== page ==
Senators grill Treasury nominee


U.S. Treasury Secretary nominee John Snow testifies during a Senate Finance Committee hearing on Capitol Hill Tuesday. Snow told his confirmation hearing Tuesday that President Bush's tax-cut proposal was "an investment in the American people and their future" and that he would not rest until everyone who wanted a job had one.

The Associated Press
Published: Wednesday, January 29, 2003 at 6:01 a.m.
Last Modified: Wednesday, January 29, 2003 at 1:36 a.m.
WASHINGTON - Treasury Secretary nominee John Snow told his Senate confirmation hearing on Tuesday that President Bush's tax plan will boost a lagging U.S. economy. But critics told Snow the program was weighted too heavily to the wealthy and would have to be changed.
Snow faced a barrage of questions from members of the Finance Committee about the stimulus proposal, but his nomination to replace the controversial Paul O'Neill won widespread praise from both Democrats and Republicans.
Committee Chairman Charles Grassley predicted Snow would win quick confirmation, perhaps as soon as Thursday.
Snow, whose net worth of around $100 million will make him one of the wealthiest members of the Bush Cabinet, was asked about lucrative benefit packages he was awarded during his 14 years as the chief executive at railroad giant CSX Corp.
Snow, 63, who had served in top transportation posts in the Ford administration, described his compensation as "sort of standard fare for CEOs of Fortune 500 companies." Grassley noted that the compensation was awarded before Congress, in response to a wave of corporate scandals, passed legislation last summer imposing new standards of corporate accountability.
One benefit Snow received, a $24 million loan from CSX to buy company stock, would be prohibited by the new law. It bars companies from making loans to their top executives, such as those given to officials of now-bankrupt Enron and WorldCom.
Snow told the panel that, if confirmed, he would give up CSX stock options worth between $25 million and $50 million, calling this "a significant part of my net worth."
Snow also has said he would sell his extensive stock holdings in CSX and 60 other companies, going beyond what government ethics laws require, in an effort to avoid any conflicts of interest in the Treasury post.
He was chosen by Bush in early December to replace O'Neill. The president decided to shake up his economic team in an effort to get more effective salesmen for a new round of tax cuts.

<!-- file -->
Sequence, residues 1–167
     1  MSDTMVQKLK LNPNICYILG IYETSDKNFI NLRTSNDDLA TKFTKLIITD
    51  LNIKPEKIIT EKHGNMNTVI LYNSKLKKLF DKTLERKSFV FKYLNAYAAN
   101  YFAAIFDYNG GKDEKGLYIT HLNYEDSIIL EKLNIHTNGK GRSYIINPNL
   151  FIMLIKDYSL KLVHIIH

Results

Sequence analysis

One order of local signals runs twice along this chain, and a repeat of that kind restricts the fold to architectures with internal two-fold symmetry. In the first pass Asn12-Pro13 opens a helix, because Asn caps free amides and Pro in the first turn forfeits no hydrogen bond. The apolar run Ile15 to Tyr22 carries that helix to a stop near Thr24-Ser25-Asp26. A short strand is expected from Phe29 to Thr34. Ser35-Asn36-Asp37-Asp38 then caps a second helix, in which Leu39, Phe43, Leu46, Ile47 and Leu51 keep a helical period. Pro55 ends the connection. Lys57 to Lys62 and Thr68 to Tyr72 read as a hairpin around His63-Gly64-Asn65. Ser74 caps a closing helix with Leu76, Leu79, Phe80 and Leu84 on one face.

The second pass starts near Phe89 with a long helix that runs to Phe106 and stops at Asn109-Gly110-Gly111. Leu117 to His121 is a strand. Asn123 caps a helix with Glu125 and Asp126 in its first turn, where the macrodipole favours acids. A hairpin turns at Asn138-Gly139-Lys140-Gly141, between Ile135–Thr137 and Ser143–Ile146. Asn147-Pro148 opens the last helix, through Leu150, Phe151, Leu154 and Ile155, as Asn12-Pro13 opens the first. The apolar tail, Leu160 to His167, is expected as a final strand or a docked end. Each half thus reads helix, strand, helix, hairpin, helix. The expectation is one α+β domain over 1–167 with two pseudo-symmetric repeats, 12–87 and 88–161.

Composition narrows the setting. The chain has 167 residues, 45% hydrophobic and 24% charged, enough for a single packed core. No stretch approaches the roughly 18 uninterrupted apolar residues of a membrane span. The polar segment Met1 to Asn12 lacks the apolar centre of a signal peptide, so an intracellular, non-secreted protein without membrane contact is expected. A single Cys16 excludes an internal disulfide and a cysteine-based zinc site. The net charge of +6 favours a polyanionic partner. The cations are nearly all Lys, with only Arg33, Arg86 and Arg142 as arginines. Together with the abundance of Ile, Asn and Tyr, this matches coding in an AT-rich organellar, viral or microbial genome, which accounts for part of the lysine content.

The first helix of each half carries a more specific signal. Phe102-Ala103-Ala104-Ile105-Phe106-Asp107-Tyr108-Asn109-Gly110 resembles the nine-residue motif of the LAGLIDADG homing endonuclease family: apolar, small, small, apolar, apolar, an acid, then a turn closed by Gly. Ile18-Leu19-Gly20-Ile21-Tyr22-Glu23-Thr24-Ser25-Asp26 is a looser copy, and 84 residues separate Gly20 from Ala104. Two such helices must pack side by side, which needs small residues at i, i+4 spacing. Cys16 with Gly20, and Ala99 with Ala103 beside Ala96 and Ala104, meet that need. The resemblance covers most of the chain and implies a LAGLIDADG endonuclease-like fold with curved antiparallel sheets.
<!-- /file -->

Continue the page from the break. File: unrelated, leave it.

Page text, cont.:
Snow began the sales process Tuesday, calling the Bush plan "an investment in the American people and their future," and saying that passage would boost economic growth and add an extra 500,000 jobs this year alone.
"As long as there are Americans who want a job and can't find one, the economy is not growing fast enough," Snow said.
At CSX, employment has dropped from 48,308 in 1993 to 41,393 in 2001, according to reports filed with the Securities and Exchange Commission.
Snow told the panel that CSX, like other companies, has felt the effects of the weak economy with railroad trains that would normally have 100 to 110 boxcars often going out of the yard with only 60 to 70 loaded cars.
Democrats criticized the Bush stimulus proposal, contending that only $39 billion of the tax relief would come this year, too little to provide much momentum. They also criticized the centerpiece of the plan - $364 billion over 10 years to eliminate the double taxation of corporate dividends, saying its benefits would flow mainly to the very wealthy.
Sen. Max Baucus, D-Mont., encouraged Snow to consider scaling back the overall cost of the program by eliminating the dividend proposal, and instead supporting his proposal to provide $75 billion in relief this year to cash-strapped state governments.
While many Republicans on the panel told Snow they supported the Bush plan, Sen. Olympia Snowe, R-Maine, said she was concerned about the impact of the proposal on future budget deficits, which she said could hit a record $300 billion this year, including the cost of a potential war with Iraq.
She told Snow she would prefer a smaller stimulus plan focused "more on the short-term and immediate future."
Several Democrats questioned Snow about comments House Ways and Means Committee Chairman Bill Thomas, R-Calif., made on Monday raising his own doubts about the dividend proposal.
Snow, however, insisted that elimination of taxes on dividends would give a boost to the battered stock market and would eliminate an inconsistency in the treatment of dividend earnings that are now taxed at the corporate level and at the level of investors.
Snow said he still believed that federal deficits matter by driving up borrowing costs in the private sector, but he said that was not the case at present with the economy struggling and interest rates on mortgages and other loans at a four-decade low. He said the best way to attack the deficit was to promote higher growth through tax cuts, echoing a key administration sales point for its plan.
During the nearly four-hour hearing, there was no mention of a DUI charge, later dismissed, against Snow, or a dispute over child-care payments that he had had with his ex-wife, two issues which Snow revealed last week in response to written committee questions.

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